Sometimes, it’s easier to understand how a complex system works by zooming out and thinking less about the details.
For decades, functional MRI (fMRI) researchers primarily looked for “task evoked” activity in the brain by looking for small deviations of the BOLD signal against what appeared to be a massive wall of background “noise”. The signal to noise ratio (SNR) of the task-evoked BOLD signal is small: only a few percentage points at 1.5 T, which is a major contributor to the reproducibility crisis in fMRI studies.
In 1995, researchers discovered that areas of the brain’s primary motor cortex seemed to have highly correlated BOLD signals with other regions known to be involved with motor output even when the person in the scanner was doing nothing in particular: they called this correlation analysis “functional connectivity”. At first, this “resting state” signal was met with a lot of skepticism in the community because, for many, a neurological phenomenon without a corresponding behavioral one is uninteresting noise. The research over the next two decades would find irrefutable evidence that the resting state signal is highly reproducible and that they form networks that have a tight correspondence with the regions identified in the task-based fMRI literature … without the issues related to reproducibility. To me, this was extremely exciting: the fMRI signal is both psychologically relevant and reproducible making it a signal from which to derive a meaningful psychiatric biomarker.
RSNs and task networks (left side and right side of each panel, respectively) using HCP data that correspond to the ten rest/task networks reported in Smith et al. Networks are shown in red-yellow(+)/blue-light blue(−), thresholded Z = 3.0. Networks are: (1) medial visual, (2) occipital pole, (3) lateral occipital, (4) default mode, (5) cerebellum, (6) sensorimotor, (7) auditory, (8) executive control, (9) right frontoparietal, and (10) left frontoparietal. Taken from this paper.
The first project I got involved in following this general direction was looking for a biomarker of cognitive decline in aging. In the brain, the “default mode” network is often associated with introspection, or the maintenance of the a gestalt representation of your own place within a broader context (both spatially and temporally). This paper is the best demonstration I have seen of this fact: Christopher Honey showed people narratives scrambled at the word, sentence, and paragraph level, and found that the default mode network comes more into play the longer the coherent temporal sequence shown to the participants. In contract the “executive control” network is associated with planning, action, and inhibiting impulses: it is associated with the kind of long-term planning that is responsible for the anthropocene, and its malfunction is associated with attention impairments and cognitive decline in old age. Interestingly, these two networks counteract one another, which was causally shown using (transcranial magnetic stimulation)[https://www.pnas.org/content/110/49/19944], which led some to believe that this push-pull mechanism between the executive control network and the default mode network was important for proper executive function.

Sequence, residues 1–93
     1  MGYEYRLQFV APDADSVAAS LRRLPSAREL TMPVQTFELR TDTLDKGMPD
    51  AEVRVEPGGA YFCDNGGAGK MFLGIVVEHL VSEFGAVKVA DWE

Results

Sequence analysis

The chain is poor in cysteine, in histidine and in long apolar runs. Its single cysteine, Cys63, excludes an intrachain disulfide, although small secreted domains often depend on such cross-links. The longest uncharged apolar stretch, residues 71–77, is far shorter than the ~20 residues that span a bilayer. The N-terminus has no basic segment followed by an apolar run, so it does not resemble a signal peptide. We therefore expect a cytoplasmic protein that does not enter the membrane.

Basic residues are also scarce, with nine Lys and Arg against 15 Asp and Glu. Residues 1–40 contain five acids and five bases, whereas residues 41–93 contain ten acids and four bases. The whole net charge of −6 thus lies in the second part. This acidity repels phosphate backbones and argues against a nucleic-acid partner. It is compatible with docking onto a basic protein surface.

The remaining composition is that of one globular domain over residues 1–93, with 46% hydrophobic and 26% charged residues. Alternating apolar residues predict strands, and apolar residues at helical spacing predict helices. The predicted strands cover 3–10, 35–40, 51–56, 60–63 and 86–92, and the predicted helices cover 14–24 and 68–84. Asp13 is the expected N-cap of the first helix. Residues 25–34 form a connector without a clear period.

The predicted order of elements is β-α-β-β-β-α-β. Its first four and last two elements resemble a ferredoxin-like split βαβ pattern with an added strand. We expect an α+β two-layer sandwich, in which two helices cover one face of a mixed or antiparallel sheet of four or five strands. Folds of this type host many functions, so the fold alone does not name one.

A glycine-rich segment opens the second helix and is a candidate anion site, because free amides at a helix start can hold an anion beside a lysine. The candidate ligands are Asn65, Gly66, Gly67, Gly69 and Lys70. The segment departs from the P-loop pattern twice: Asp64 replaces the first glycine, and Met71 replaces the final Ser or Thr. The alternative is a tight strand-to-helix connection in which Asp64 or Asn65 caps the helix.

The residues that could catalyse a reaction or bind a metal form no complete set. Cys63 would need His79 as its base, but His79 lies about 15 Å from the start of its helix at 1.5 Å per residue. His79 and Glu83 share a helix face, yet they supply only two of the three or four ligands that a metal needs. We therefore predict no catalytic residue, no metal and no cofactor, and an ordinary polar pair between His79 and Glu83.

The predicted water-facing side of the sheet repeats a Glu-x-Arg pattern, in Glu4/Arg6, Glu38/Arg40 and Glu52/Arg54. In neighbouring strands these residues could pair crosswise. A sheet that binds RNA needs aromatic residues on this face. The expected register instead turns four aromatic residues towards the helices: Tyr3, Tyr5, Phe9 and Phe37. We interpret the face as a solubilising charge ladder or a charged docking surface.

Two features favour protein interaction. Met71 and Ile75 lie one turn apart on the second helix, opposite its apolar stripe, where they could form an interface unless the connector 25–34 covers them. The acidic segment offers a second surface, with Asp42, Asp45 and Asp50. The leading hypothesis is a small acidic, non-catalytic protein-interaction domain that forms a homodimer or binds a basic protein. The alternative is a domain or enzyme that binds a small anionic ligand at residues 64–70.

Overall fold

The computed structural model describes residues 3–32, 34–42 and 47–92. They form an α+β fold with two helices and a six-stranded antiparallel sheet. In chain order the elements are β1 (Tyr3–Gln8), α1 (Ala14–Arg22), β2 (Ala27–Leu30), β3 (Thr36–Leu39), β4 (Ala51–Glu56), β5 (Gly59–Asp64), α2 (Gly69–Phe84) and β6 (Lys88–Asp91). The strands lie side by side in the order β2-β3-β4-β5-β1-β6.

The work I was involved in collected resting state and task-derived BOLD signals from older and younger participants to see whether there was a systematic difference in the functional connectivity between a set of default mode and executive control regions. The main result is presented below.
The results were unequivocal: older patients showed significant crosstalk between the two networks, whereas in younger people the push-pull dynamic was intact. It was the first time I used the resting state BOLD signal to find a biomarker of a psychologically-relevant trait.
Here’s the paper for more details.